Thursday, 7 December 2017

Parsons, Covent Garden

It's about this time of year that I start getting emails from magazines and websites asking for my food predictions for 2018. I have, to this date, never had a single one of my predictions come true, but that doesn't seem to stop people asking; perhaps it's more about testing my imagination than my soothsaying abilities.

Anyway, this year, to avoid the inevitable embarassment of being completely and utterly wrong yet again, I decided to play it safer. With Brexit looming terrifyingly in the distance and London's hospitality industry already in collective terror over whether they'll even have the staff to open next week never mind once half their payroll gets deported, I thought investors would start looking to surer returns on their money, and instead of bankrolling the latest streetfood sensation (be it Korean-Burmese-Eskimo fusion paella or something really stupid) are more likely to want to see 2nd branches of existing successful ventures.

We've already seen the start of this in the city, where the brand-new and ludicrously flashy Bloomberg Arcade contains branches of Caravan, Vinoteca, Bleecker burger, Koya, Homeslice and A Wong; all excellent choices, certainly, but safe choices, proven money-spinners that bring their own audience.

The owners of 10 Cases on Endell Street could have done exactly that with their second restaurant. 10 Cases is, by anyone's standards, a lovely little place, serving rustic French food for not much money alongside a really interesting selection of wines. Another 10 Cases (in fact, "Another 10 Cases" would have been quite a good name) would, I'm sure, have been just as popular, and just as successful.

Instead, just over the road, they've opened Parsons, a seafood restaurant. A very good seafood restaurant. In fact, probably the best seafood restaurant I've had the pleasure of visiting for a very long time, somewhere that approaches the business of serving fish and shellfish alongside an intelligent wine list with such confidence and clarity you wonder why on earth it's taken until 2017 for someone to come up with it.

As with so many great ideas, the premise is shockingly simple - get hold of whatever fish and shellfish is best on the day, serve it simply and without fuss, and for a reasonable markup. This means that expensive stuff like langoustine and lobster is, well, expensive, but that you can also order cheaper fish for about the price of a pint of beer. And, crucially, whether the raw ingredients are premium or not, they're all treated incredibly well.

Take these sardines, £5.50 for the two, simply seasoned and grilled and served with a slice of lemon. The flesh pulled away from the bones beautifully, and had a fantastic meaty, umami-rich flavour. The best grilled sardines take me right back to childhood holidays in Spain, and to Calella de Palafrugell where we'd eat them at whichever beachfront restaurant had a free table. These did exactly that - and for about the same price (in fact probably less).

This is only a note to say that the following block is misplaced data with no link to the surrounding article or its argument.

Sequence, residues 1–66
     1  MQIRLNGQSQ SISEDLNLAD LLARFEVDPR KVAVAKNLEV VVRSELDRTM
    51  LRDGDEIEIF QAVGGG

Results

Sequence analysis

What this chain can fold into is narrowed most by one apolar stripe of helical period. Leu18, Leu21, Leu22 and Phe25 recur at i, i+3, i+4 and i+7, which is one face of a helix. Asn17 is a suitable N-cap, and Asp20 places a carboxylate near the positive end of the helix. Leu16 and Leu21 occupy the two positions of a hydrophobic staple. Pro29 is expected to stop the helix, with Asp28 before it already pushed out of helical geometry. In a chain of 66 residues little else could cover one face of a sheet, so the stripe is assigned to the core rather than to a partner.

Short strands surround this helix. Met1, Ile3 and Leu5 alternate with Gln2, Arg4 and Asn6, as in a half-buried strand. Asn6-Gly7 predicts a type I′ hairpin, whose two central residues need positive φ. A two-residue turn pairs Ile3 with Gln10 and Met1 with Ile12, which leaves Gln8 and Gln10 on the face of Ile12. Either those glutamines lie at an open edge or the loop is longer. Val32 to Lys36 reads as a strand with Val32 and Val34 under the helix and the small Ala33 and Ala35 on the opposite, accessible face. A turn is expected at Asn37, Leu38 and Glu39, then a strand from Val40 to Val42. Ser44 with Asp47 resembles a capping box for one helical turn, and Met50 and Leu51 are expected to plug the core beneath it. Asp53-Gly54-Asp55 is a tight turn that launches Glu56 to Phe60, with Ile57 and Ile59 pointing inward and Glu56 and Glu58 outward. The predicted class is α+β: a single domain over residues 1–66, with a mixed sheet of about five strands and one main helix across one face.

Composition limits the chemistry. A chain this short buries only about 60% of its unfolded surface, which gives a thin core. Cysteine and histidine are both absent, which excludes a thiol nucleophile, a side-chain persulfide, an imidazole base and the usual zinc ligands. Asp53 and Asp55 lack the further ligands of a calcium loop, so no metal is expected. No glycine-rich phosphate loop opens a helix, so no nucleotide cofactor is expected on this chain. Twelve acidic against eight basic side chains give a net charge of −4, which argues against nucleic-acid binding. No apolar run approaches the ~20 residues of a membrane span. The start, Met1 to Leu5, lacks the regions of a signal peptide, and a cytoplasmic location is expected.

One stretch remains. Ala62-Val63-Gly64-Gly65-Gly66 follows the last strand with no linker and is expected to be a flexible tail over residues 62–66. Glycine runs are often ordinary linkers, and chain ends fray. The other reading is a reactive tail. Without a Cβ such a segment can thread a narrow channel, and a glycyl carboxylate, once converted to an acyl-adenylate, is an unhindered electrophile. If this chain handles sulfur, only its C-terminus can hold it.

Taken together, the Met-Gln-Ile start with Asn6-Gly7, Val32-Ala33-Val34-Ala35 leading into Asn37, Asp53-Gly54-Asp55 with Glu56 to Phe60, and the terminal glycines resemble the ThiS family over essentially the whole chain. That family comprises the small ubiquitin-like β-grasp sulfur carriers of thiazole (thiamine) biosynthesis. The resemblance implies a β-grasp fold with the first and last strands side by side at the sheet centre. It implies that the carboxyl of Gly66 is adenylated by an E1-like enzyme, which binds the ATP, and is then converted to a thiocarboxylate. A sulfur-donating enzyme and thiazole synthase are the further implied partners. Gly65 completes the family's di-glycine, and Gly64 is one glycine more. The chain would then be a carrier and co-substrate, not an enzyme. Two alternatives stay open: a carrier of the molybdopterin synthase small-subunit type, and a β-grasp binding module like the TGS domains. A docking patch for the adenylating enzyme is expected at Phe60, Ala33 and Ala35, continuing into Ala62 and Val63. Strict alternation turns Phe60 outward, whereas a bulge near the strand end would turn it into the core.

Langoustine were impeccably done - the warm tail flesh pulling out of the shell in one single bright-white piece, the claw meat soft and impossibly sweet. They came dressed in a yuzu-chilli dressing of some kind which livened the meat without overwhelming it - a nice, intelligent cheffy touch.

I had to order the lobster mash because, well, come on, you have to order something called "lobster mash" at least once in your life, even if just to say you've tried lobster mash. It was, in all honesty, not quite the divine experience I'd built myself up to expect but was very good nontheless, containing vast chunks of bouncy-fresh lobster and silky-smooth potato. Perhaps it just needed a bit more salt, or a greater amount of butter in the mash, but the bowl was still clean when I'd finished.

I appreciate that three dishes isn't a whole lot of evidence to hang an entire restaurant review, but experience tells me that if a place can cook this well once, they can cook it well many more times. And in fact, sneaking glances at dishes going out to other tables I could see that if nothing else the rest of the menu (which includes the odd nod to meat-eaters such as a steak tartare) certainly looks the part.

And you don't need to spend quite as much as I did, either. I notice that an entire crab is available for a measly £12 (cutely, hand-painted illustrations of seafood above the kitchen have prices marked next to them if they're in stock), meaning that at £16 the Parsons crab and chips combo (a control variable dish I've used to test many a seafood restaurant) comes in a whole lot cheaper than most other places in town, if not all of them.

So who knows what 2018 will hold, but whether we end the year on a high, or bartering jewellery for potatoes in Brexit-fueled armageddon, at least we had, for however brief a period, a seafood restaurant in Covent Garden so close to perfect as makes no odds. Hurry up and make the most of it.



Millennial X said...

You may want to change 2017 to 2018 at the first paragraph, I thought I was reading an old post :)

Chris Pople said...

Oops! Thanks, changed.